5. Set up an auto-enrolment pension scheme. Find out your 'staging date', choose your pension scheme and register it. You also need to provide the new employee with information about the scheme if they meet certain criteria.
  6. Provide keys, set up accounts (email, Google Drive, social media etc). Ensure that your new employee has access to all the resources they require so that their first day goes smoothly.

Ongoing Admin


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Here's the part of hiring employees that most of us dread - the ongoing admin tasks that you must complete as an employer if you're to stay within the law.

You can't neglect these tasks, so there's no point delaying them or avoiding them entirely.

  1. Run payroll. If you don't want to spend the time running payroll, pass your data over to your accountant and ask them to run it for you. You also need to distribute payslips, P60s and other paperwork when required.
  2. Make pension scheme contributions and manage your pension scheme. You'll need to continually check which employees qualify for your pension scheme, process requests to join and leave the scheme, manage contributions and keep records.
  3. Follow health and safety workplace rules. Now that you're an employer, you have to ensure that your employee(s) are safe at work. Check that you're offering all the workplace facilities you need and that you have first aid arrangements in your workplace.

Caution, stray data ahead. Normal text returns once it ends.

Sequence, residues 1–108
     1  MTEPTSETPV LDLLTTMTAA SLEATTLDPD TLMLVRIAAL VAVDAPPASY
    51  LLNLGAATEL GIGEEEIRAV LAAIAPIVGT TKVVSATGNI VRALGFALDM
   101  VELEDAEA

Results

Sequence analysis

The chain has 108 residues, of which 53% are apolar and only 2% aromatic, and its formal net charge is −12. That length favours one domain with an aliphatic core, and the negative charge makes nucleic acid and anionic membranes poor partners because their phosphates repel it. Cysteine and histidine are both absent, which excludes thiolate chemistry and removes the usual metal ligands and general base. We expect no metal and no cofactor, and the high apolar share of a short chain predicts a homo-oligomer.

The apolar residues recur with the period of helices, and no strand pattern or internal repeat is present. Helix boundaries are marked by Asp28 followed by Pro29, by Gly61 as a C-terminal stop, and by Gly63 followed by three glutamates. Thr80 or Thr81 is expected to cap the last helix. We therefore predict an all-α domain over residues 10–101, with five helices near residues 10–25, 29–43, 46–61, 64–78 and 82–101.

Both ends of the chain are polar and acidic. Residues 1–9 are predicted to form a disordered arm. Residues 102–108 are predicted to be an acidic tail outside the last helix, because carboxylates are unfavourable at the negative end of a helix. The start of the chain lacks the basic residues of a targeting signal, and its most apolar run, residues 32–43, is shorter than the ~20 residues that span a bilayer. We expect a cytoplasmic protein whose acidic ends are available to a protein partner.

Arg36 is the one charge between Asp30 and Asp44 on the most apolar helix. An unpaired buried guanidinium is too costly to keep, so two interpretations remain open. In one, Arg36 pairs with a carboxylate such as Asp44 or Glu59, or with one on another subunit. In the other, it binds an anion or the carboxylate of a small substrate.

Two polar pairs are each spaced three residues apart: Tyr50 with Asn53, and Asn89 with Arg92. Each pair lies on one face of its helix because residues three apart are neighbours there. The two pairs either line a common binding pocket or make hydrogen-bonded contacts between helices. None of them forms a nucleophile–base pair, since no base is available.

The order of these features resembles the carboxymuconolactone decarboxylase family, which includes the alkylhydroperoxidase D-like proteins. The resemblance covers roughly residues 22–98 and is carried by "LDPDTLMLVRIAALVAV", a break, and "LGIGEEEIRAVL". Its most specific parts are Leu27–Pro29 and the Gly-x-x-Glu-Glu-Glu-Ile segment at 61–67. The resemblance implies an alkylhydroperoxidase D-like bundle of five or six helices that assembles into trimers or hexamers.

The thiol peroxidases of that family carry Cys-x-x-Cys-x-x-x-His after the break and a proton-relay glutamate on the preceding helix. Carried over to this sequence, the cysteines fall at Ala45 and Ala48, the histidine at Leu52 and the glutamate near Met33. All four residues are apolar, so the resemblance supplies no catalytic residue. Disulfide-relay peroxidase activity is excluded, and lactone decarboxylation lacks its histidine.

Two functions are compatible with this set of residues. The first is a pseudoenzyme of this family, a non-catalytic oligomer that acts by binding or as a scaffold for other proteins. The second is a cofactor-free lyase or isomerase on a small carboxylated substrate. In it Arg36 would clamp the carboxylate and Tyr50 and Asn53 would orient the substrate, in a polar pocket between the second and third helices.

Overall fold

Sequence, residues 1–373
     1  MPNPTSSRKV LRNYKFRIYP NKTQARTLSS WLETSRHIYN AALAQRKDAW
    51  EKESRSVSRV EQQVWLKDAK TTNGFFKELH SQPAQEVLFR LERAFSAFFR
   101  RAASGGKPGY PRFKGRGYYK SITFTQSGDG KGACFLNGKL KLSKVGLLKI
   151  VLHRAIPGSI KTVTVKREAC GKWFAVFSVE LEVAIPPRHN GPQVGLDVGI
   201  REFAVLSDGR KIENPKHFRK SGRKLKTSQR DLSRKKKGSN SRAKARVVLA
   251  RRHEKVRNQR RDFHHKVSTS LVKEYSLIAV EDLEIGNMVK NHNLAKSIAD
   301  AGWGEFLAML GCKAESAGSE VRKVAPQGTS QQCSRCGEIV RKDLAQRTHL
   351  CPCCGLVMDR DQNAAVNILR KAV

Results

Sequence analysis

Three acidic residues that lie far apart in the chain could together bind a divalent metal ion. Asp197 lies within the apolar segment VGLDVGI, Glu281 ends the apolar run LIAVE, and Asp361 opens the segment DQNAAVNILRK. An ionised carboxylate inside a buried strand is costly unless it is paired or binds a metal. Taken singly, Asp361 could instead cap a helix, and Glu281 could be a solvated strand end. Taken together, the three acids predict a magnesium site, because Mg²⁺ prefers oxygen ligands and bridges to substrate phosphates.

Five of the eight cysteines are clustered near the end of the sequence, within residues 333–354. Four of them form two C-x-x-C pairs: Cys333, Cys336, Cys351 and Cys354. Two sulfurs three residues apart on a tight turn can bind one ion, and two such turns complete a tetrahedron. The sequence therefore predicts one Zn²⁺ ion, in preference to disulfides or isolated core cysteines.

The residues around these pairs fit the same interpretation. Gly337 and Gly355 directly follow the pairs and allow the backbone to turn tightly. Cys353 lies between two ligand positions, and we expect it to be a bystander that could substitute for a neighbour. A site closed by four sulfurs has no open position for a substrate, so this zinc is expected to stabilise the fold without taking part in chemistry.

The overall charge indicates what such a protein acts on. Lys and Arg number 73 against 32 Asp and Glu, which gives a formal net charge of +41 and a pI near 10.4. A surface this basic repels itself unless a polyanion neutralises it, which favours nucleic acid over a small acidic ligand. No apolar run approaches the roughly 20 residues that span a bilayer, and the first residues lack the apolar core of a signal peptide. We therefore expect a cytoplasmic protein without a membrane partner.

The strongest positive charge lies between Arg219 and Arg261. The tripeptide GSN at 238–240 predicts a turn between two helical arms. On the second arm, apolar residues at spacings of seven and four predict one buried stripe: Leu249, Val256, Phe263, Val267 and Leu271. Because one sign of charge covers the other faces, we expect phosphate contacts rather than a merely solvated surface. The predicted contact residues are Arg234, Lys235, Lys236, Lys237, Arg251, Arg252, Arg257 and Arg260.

4. Track attendance, hours, and leave. Implement and maintain a system for managing this information. A spreadsheet should be sufficient for a single employee, but if you want to futureproof your business consider a scalable solution like RotaCloud.
  5. Manage benefits. Flexible working, cycle-to-work schemes, and any other benefits and perks need to be managed. You probably won't need to worry too much about this until you hire more employees, but by starting off on the right foot you'll make this easier in the long run.
  6. Maintain records. You are legally required to hold certain staff records including information on pay rates, payroll, sickness (of more than four days), and any workplace accidents or injuries. It's also a good idea to keep the employee's contact details on file, as well as copies of employee contracts and other documents, and staff disciplinary records.

Hiring Your First Employee - Checklist

We've covered a lot of ground in this article - if you'd like a more compact version of the points we've covered, here's a PDF checklist.

Overall, hiring your first employee certainly requires extra paperwork, but not quite the mountain you might have expected. There are plenty of tools available to help you manage staff and further reduce the admin burden your first employee places on you.

Don't let the red tape hold you back: if you're ready to hire your first employee, go for it - but keep this checklist handy!